Chicago could end up being tossed off the beaten track if it doesn't get its tangled railways issues straightened out, the Better Government Association (BGA) warned recently.
Experts say Windy City gridlock can account for a third of the total time it takes a freight train to cross the United States, and fixing Chicago’s 4,000 miles of rail track, along with other infrastructure maintenance projects, have been deferred to a breaking point, the BGA contends. It can take 26 to 30 hours to simply get through the area by rail, the group says.
The piecemeal development of the track system created today's problems, as it was established to accommodate 30 freight railroads that once operated in the area. While that figure was consolidated to the six major railroads and two short-line railroads that now pass through Chicago, the crisscrossing tracks still accommodate 25 percent of the freight trains that move across the country, as well as 50 percent of the intermodal trains.
According to the Chicago Metropolitan Agency for Planning, approximately 1,300 freight and passenger trains move through the area every day, the BGA reports. The trains compete for position through choke points like the 75th Street corridor, a portion of track that stretches from Evergreen Park to the Dan Ryan Expressway. The corridor is a meeting point for four freight lines and two passenger lines, creating a bottleneck that is one of the worst in the nation.
The congestion also accounts for the high collision rate at Chicago’s railroad crossing. Between 2011 and 2016, Cook County saw 293 collisions that killed 48 people and caused 135 injuries.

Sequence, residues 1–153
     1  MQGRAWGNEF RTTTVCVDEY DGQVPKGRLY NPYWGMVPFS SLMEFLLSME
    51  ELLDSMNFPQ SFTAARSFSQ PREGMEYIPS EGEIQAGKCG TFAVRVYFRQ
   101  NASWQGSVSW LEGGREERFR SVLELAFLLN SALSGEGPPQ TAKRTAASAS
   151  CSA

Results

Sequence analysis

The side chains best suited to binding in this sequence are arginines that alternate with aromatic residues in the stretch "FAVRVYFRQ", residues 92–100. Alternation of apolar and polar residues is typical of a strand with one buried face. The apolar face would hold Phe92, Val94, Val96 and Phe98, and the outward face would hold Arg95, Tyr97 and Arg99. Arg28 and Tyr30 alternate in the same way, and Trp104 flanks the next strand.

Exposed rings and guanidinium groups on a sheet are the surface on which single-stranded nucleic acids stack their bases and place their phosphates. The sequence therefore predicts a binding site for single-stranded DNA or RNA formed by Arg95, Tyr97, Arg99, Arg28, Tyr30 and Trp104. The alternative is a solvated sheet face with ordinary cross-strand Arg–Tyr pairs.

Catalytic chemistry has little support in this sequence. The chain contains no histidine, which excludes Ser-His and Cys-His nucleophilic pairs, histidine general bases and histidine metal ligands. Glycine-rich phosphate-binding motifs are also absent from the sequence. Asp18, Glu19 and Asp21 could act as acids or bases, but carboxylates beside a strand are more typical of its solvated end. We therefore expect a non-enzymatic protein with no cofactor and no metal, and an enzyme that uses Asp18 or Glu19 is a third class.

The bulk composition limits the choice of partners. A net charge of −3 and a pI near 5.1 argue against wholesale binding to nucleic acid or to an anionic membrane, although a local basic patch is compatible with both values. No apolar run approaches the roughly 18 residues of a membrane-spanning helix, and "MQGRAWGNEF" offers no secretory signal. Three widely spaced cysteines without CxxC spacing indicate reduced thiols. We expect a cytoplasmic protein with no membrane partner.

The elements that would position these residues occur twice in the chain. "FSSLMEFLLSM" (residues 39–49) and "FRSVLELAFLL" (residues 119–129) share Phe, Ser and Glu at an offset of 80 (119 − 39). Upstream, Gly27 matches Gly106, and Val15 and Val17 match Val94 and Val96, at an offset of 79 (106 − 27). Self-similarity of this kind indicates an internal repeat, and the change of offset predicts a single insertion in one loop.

These problems have not gone entirely unaddressed, but solutions require significant funding. In 2003, the private railroads running through the Chicago area and a group of government agencies founded CREATE, a consortium to improve the city’s rail infrastructure. CREATE has raised $1.4 billion, which has allowed it to make progress on upgrades, such as building a flyover railroad bridge in Englewood.
The group has completed 28 out its 70 projects, as well as begun work on another 23, and its efforts have reduced the transit time through Chicago from 48 hours in the early 2000s to as little as 26 hours today. This figure is still extremely high considering that freight trains can cross the entire country in three days, including their time moving through Chicago.
The BGA highlighted four projects proposed through CREATE that stand to make a significant difference in transit times through Chicago. Along the 75th Street corridor, the consortium has proposed adding more tracks to Belt Junction, an area that sees 13 tracks narrow to two. The plans for the corridor also include two flyover railroad bridges, which would alleviate bottlenecks and allow Amtrak to divert passenger train traffic from Union Station to LaSalle Street Station and enable Union Station renovations. According to the BGA, Union Station currently does not have the facilities, including platforms and entrances, to efficiently facilitate its high passenger volume, leading to reduced train turnover.
While CREATE has plans that could alleviate Chicago’s rail traffic, it does not have the funds needed to carry them out. The consortium has requested grant funding that combined with contributions from its members would cover some costs priority projects but not all of them. Stakeholders from various sides of the issue have proposed alternate funding sources.
Two railroads that currently travel through the area are considering bypassing Chicago in a joint marketing and operating agreement that would see them divert their trains through Vancouver. Shippers are also becoming increasingly able to bypass rail shipment altogether, with the widened Panama Canal now matched by several Atlantic ports that can accommodate large container ships.
Chicago accommodates more than $1 trillion worth of rail freight each year, a figure poised for growth thanks to the strength of e-commerce. Without improved infrastructure, however, the city could easily lose this economic strength, the BGA warns.